-- John
          • j_fouser
            ... George Buehler has a few . but I d have more faith in an Akin Design
            Message 5 of 10 , Nov 6, 2009
              --- In AtkinBoats@yahoogroups.com, "JohnA" <jalmberg@...> wrote:
              >

              > Actually, I wish I could find an Atkin design that was:
              > - V-bottom
              > - about 30' long
              > - double-ended
              > - aft-hung rudder
              > - big bowsprit
              > - gaff rigged cutter
              >
              > That would be my ideal 'next boat'.
              >

              > -- John
              >

              George Buehler has a few . but I'd have more faith in an Akin Design
            • John Almberg
              ... Huh... you must have read my mind. I like Juna, but would prefer an Atkin design. I guess I could bend on the double-ended requirement, but I really prefer
              Message 6 of 10 , Nov 6, 2009
                > > Actually, I wish I could find an Atkin design that was:
                > > - V-bottom
                > > - about 30' long
                > > - double-ended
                > > - aft-hung rudder
                > > - big bowsprit
                > > - gaff rigged cutter
                > >
                > > That would be my ideal 'next boat'.
                > >
                >
                > > -- John
                > >
                >
                > George Buehler has a few . but I'd have more faith in an Akin Design

                Huh... you must have read my mind. I like Juna, but would prefer an
                Atkin design.

                I guess I could bend on the double-ended requirement, but I really
                prefer an aft-hung rudder. I've got a friend who just spent 2 years
                trying to fix his rudder after slamming it down on a rock and bending
                the shaft. Quite a pain to fix. Plus, eventually I'd like to try to
                build a self-steering system, and a trim-tab on an aft-hung rudder seems
                to be the simplest system.

                -- John


                --
                ~~~~~~~~~~~~~~~~~~~~~~~~~~~~~~~~~~~~~~~~~~~~~~~~~~
                Check out my blog: http://unlikelyboatbuilder.com
                ~~~~~~~~~~~~~~~~~~~~~~~~~~~~~~~~~~~~~~~~~~~~~~~~~~
              • JohnA
                The other day, I realized I d been bitten. Not by a dinosaur, but by something just as powerful and a lot more sneaky: the boat building bug. I was building
                Message 7 of 10 , Nov 11, 2009
                  The other day, I realized I'd been bitten. Not by a dinosaur, but by something just as powerful and a lot more sneaky: the boat building bug.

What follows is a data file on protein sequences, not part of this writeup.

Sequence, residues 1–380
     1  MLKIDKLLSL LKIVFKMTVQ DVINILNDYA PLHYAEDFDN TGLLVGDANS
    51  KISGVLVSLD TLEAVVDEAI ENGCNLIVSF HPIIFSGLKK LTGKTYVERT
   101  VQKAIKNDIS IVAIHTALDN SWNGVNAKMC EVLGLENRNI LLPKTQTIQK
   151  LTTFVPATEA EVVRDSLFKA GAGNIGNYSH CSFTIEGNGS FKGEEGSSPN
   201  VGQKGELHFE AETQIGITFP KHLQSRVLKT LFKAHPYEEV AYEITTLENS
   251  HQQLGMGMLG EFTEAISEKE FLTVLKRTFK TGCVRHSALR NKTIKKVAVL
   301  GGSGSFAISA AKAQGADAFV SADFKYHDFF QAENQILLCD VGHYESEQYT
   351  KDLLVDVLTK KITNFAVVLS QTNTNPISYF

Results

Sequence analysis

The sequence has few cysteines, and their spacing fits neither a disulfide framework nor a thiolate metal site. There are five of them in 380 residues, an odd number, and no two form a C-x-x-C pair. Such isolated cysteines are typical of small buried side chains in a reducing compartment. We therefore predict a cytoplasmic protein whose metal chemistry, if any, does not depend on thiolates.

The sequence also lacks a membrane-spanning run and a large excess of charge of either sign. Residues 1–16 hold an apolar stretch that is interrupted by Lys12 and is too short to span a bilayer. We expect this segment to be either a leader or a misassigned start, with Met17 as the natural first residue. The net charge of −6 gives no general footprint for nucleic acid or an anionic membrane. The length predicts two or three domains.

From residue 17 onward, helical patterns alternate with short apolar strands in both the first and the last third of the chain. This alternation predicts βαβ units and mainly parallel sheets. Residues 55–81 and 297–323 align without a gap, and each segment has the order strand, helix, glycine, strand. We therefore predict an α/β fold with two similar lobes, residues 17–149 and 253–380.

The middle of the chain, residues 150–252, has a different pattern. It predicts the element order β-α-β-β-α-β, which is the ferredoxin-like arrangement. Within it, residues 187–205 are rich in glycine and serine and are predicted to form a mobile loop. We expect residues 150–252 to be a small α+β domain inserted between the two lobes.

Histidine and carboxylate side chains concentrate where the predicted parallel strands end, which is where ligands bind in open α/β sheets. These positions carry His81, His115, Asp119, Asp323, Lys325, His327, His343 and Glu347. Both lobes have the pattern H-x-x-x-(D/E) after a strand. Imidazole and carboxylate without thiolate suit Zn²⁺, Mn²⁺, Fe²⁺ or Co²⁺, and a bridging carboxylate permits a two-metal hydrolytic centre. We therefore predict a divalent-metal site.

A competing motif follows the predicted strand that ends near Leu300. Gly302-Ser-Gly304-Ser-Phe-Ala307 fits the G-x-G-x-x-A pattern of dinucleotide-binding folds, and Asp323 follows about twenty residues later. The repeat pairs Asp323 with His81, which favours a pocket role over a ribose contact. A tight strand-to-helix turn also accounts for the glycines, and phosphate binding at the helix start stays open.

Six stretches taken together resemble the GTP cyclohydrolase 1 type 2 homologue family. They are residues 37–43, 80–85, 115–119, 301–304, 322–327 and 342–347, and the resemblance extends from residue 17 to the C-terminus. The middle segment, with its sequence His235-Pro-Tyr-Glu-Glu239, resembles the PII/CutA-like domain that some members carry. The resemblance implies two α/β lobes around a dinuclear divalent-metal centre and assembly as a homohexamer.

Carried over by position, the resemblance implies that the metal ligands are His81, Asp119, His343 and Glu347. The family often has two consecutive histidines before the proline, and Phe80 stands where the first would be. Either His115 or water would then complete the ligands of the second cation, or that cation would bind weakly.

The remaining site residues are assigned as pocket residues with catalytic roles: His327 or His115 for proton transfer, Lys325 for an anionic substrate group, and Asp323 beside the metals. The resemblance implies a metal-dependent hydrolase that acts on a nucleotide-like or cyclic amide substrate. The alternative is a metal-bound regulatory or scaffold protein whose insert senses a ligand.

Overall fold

I was building the stongback for Cabin Boy -- a kind of ladder-frame structure that is used to erect the molds. Compared to lofting and building the molds, putting together the strongback was simple, even for me. Obviously I didn't say so at the time... no sense tempting fate.

                  Nevertheless, while doing this pleasantly easy work, I had a few brainwaves left over and found myself day dreaming...

                  Read complete blog post: I Am Bitten 

                  Enjoy: John

                • JohnA
                  Man, The Tool Maker There is nothing particularly difficult about sailing, my friend John V.
                  Message 8 of 10 , Nov 17, 2009
                    Man, The Tool Maker

                    "There is nothing particularly difficult about sailing," my friend John V. mused as we drove across Peconic Bay last weekend into a cold, 20 knot breeze. "But there are an enormous number of simple skills to be mastered."

                    At that particular moment, I was trying to master the skill of staying warm under the dodger, while John squinted into the wind like the Ancient Mariner, seemingly unaffected by the ferocious wind-chill factor...


                    Read the complete blog post in which I (amazingly) build my first tool...

                    Man, The Tool Maker

                    Enjoy: John
                  • JohnA
                    Some call them woodworking tricks , but I call them micro inventions -- simple, non-obvious inventions that some wood worker discovered hundreds or maybe
                    Message 9 of 10 , Nov 21, 2009
                      Some call them woodworking 'tricks', but I call them micro inventions -- simple, non-obvious inventions that some wood worker discovered hundreds or maybe thousands of years ago -- that are passed down from worker to worker because they are so darn useful...

                      Complete blog post: Micro Inventions